Wednesday, July 15, 2009

On the steps of Wat Phra That Doi Suthep (Chiang Mai, Thialand): An expression of Love, Belonging and Completeness.

by Steve Parelli, Chiang Mai, Thailand. July 15, 2009 (year 2552 in Thailand).

As we slowly descended the long staircase of 306 steps shortly after our temple compound experience of Doi Suthep, Jose turned to me somewhat suddenly and with a warm embrace and the tilt of his head to my shoulder, he said something like "don't ever leave me."

I forget the exact words, but I remember their context. By "leaving" he met, "departing this life."

You see, just as we were about to leave the temple area after our more than two-hour visit, we met a young gay Thai man who was entering the temple area to worship . . . and he was all alone. We caught each other's eye and smile and knew in a moment that he was "family." After introductions were made, and the "yes-I'm-gay"-and-"I-thought-so" remarks, we sat and talked briefly. Like most people who upon learning that Jose and I have been together for 12 years, our new friend smiled gleefully and congratulated us. Then we asked about him. Did he have a boyfriend? "No," he said. But he had had a boyfriend. They were together for six years. And then, just six months ago his boyfriend died suddenly -- he was killed in a motorcycle accident. Our temple friend had moved from his rural town to start life over again in the big city of Chiang Mai. It was too much to continue living where he had lived with his lover. Now, in Chiang Mai, he was running his own business. New people. New places. A new beginning. We exchanged phone numbers with the idea of maybe meeting up again. He said, "Let's remain friends always" as he turned to the temple and we towards the hillside steps to make our decent back into the flow of humanity – where living and dying are both a part of life.

Suddenly, Jose unashamedly expressed his affection there on the descending steps. We were easily a spectacle to any tourist passing by. Like something out of those romance movies where an American couple in a European city spontaneously embrace – not a passionate embrace – but a happy-moment embrace, with laughter and joy and hugs. Jose was kind-of like that, though more subdued, yet obvious enough. I remember the days (long ago) when any kind of public affection like this would have humiliated him and he would have sternly corrected me for having attempted such public expressions.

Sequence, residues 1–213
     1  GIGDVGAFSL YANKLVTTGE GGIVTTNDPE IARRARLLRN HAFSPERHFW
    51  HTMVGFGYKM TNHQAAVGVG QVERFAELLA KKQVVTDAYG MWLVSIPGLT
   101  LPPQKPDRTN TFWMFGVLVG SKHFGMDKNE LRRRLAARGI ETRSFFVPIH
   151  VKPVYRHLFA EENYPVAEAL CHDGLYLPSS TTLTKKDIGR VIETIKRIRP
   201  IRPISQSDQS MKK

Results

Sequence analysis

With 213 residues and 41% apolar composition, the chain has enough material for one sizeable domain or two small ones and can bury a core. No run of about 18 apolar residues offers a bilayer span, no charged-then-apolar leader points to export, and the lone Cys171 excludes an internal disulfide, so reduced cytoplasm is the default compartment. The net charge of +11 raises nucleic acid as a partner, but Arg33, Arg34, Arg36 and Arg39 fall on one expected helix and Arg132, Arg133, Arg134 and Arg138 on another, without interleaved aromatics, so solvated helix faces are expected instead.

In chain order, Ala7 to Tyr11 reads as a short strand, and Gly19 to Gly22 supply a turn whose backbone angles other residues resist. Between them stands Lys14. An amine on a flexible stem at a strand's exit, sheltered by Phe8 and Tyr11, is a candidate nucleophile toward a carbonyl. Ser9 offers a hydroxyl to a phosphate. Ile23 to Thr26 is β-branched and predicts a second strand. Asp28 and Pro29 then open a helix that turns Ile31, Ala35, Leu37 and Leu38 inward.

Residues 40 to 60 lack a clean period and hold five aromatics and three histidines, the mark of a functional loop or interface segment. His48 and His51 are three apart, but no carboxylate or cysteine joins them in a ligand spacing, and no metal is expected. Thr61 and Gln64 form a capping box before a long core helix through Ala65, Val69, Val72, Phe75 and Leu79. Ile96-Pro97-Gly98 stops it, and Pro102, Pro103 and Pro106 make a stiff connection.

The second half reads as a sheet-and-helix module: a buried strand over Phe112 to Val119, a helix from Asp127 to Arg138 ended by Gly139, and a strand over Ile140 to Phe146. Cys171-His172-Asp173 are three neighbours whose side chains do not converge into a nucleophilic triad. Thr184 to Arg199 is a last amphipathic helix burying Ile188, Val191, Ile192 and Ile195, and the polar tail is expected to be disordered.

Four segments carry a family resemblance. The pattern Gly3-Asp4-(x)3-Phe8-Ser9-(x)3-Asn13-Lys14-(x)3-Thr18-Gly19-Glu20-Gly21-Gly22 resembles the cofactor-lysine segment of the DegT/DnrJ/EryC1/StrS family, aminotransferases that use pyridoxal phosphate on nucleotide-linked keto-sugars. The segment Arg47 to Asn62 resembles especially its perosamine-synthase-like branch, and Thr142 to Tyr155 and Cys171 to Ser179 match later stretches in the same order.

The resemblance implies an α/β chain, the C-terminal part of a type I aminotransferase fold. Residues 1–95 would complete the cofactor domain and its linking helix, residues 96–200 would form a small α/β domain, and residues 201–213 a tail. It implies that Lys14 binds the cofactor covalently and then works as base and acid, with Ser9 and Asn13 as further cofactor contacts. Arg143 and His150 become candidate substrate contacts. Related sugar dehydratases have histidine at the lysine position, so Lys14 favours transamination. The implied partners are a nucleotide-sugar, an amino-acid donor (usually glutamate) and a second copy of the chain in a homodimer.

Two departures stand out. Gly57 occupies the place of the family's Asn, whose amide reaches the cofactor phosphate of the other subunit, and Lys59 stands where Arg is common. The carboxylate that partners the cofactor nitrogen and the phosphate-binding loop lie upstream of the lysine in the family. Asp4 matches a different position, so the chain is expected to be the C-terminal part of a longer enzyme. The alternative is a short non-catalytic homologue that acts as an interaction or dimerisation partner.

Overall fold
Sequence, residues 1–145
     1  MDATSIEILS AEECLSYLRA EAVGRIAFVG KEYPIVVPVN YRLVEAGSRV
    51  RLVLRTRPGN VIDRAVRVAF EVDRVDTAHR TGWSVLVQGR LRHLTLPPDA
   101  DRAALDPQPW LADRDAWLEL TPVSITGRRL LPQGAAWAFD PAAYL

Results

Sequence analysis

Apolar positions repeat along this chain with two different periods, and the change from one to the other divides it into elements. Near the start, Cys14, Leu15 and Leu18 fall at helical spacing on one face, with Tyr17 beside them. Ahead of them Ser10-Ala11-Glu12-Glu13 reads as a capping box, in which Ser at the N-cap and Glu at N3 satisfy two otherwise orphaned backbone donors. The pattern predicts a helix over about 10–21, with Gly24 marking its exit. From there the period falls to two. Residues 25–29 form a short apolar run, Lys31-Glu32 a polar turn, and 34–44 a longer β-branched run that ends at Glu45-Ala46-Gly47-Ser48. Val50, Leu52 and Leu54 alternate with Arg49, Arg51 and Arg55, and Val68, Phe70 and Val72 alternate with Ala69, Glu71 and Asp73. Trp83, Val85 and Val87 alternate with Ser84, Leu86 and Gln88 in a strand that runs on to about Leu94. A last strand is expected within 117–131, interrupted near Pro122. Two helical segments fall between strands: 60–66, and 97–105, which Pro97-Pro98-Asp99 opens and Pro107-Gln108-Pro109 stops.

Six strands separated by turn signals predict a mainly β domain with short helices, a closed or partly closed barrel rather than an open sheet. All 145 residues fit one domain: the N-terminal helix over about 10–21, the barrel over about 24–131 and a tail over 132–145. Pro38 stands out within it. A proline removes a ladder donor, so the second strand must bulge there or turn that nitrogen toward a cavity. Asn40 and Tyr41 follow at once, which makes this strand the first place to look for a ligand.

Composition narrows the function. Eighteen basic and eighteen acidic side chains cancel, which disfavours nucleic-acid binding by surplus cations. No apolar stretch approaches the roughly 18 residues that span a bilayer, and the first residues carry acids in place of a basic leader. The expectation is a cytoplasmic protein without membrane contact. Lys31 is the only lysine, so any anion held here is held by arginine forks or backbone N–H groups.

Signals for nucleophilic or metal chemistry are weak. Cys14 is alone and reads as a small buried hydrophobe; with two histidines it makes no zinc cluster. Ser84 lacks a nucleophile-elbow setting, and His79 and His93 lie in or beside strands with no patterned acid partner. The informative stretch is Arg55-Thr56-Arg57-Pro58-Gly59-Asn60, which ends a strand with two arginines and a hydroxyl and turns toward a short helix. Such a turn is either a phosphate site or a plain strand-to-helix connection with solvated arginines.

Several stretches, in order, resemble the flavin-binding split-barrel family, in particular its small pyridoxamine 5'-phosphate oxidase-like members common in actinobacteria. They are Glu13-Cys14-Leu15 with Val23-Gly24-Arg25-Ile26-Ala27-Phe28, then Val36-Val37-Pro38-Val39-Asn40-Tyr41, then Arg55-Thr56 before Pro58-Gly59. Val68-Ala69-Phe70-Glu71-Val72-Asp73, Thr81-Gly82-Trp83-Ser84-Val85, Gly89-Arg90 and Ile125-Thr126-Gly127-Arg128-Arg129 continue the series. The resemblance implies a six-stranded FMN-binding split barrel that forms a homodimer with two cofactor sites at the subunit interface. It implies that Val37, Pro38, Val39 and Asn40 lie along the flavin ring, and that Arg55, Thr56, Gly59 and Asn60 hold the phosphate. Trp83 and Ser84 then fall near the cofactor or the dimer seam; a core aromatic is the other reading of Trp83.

He's passed all that, and naturally so, for it is just that, natural for us to feel and express affection.

So, yes, there on the hillside steps that lead to one of the most sacred temples of north Thailand, with the sad story newly told to us of two gay lovers separated by an untimely death, Jose, with his head tilted to my shoulder and his arm drawing me into himself, said, "Don't ever leave me."

Of course, Jose gives me no reason to go. May God have every reason for me to stay.

Monday, July 13, 2009

Latin America meets Nepal: Mexican humanitarian womam helps LGBT people in Nepal

by Jose Ortiz
Chiang Mai, Thailand. July 12, 2009

A “chance” meeting
I was having breakfast with Steve in the dining room of our resort outside of Kathmandu when all of a sudden I noticed that the couple next to us was speaking Spanish. Well, just hearing the language of heaven (as we Spanish speakers call it) simply warmed my heart. Wow, it was so wonderful to hear a familiar language in a far away land. Of course, I asked where they were from and discovered that they were from Mexico. The couple had been living in Nepal for over 10 years. They came to Nepal after living in other parts of the world due the husband’s job.